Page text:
There's something very real about this photo. It's far removed from the glossy shots you see in 'foodie' magazines. A little bit blurred even. It's a 'just-come-home-from-the-allotment-and-put-things-on-the-table-tired-now-but-happy' sort of a photograph. I like to help other growers along - so this is definitely a 'you-can-do-it-too' sort of picture.
And there's another thing I'm proud of. This digital snap does NOT illustrate a glut. We've grown just enough broccoli and courgettes (two or three plants) to have some for our evening meals, without getting fed up with them, and without wasting anything.
These were low maintenance plants. Once I'd raised the broccoli in biodegradable pots at home I just planted them out - threw them in with a net over the top, held down at the sides with bricks. I really didn't pay them much attention after that. I can't even remember weeding them. And people say brassicas are really difficult to grow...?
As for the courgettes - it was the same story with them too (didn't need the nets though). No doubt the rain helped. There I was at the beginning of June - worrying about how I was going to water the plot, and in the end - I hardly needed to.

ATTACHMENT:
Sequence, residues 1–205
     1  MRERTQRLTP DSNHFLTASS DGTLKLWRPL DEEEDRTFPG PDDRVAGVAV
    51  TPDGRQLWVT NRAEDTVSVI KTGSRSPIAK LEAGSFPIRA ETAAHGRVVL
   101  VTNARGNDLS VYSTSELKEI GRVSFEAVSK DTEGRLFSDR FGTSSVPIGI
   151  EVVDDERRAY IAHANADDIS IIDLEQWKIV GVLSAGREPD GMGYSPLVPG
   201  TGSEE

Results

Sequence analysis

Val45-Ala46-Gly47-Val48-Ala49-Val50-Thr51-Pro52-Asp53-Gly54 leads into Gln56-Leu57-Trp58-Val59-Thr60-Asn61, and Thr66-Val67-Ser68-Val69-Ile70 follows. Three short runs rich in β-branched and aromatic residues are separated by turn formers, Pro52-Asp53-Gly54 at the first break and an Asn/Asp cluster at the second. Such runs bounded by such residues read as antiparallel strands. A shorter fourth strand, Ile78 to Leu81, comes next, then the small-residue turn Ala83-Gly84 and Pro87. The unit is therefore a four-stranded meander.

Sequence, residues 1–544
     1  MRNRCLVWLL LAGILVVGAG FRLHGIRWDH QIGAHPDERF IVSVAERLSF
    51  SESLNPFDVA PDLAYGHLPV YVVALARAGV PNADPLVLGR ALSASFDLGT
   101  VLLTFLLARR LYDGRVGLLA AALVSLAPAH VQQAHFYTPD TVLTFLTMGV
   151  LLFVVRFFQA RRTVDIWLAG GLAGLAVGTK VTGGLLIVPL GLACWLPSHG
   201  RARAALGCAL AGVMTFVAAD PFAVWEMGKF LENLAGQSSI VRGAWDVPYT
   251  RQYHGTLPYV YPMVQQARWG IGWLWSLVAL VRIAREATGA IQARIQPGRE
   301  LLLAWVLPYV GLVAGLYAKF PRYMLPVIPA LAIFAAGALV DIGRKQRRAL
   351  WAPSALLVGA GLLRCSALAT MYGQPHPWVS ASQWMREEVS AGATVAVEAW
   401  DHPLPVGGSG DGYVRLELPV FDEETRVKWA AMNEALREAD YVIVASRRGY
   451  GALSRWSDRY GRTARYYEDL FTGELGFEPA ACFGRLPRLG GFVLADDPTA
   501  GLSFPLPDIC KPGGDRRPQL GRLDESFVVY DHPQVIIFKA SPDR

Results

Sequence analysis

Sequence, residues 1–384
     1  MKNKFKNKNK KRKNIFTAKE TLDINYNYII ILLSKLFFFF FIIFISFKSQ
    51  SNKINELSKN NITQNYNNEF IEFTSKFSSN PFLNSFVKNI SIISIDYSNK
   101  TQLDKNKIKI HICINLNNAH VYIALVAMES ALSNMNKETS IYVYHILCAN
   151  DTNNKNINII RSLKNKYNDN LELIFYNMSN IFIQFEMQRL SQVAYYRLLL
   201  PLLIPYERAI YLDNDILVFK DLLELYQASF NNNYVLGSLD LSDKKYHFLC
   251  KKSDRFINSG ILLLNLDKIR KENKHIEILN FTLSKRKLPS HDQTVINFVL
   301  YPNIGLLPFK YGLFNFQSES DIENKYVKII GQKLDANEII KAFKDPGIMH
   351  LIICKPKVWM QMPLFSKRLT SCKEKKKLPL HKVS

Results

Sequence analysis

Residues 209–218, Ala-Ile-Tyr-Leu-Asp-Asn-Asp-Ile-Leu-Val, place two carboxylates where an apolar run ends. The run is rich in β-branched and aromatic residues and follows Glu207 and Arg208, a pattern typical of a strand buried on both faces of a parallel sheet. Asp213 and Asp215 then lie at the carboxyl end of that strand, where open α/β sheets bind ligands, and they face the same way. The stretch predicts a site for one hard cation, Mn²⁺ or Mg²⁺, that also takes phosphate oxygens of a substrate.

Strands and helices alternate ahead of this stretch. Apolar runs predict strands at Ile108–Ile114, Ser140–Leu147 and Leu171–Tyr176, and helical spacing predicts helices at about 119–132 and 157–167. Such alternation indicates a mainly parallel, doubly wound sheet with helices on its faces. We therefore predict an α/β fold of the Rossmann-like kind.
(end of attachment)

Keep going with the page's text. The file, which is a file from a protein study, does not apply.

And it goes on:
Even if we don't eat these vegetables today (and I don't make it down to the allotment every day - I'm there once or twice a week at the moment) - these vegetables will still be much fresher than the ones we could have bought in the supermarket.
Here's another blurry photograph:
In this one, you can see roughly how big the head of broccoli is by comparing it to the size of my (largish) hand. That's another thing about organic growing. Some people will tell you organically grown fruit and veg always turns out to be smaller than 'conventionally' grown veg. Don't believe a word of it.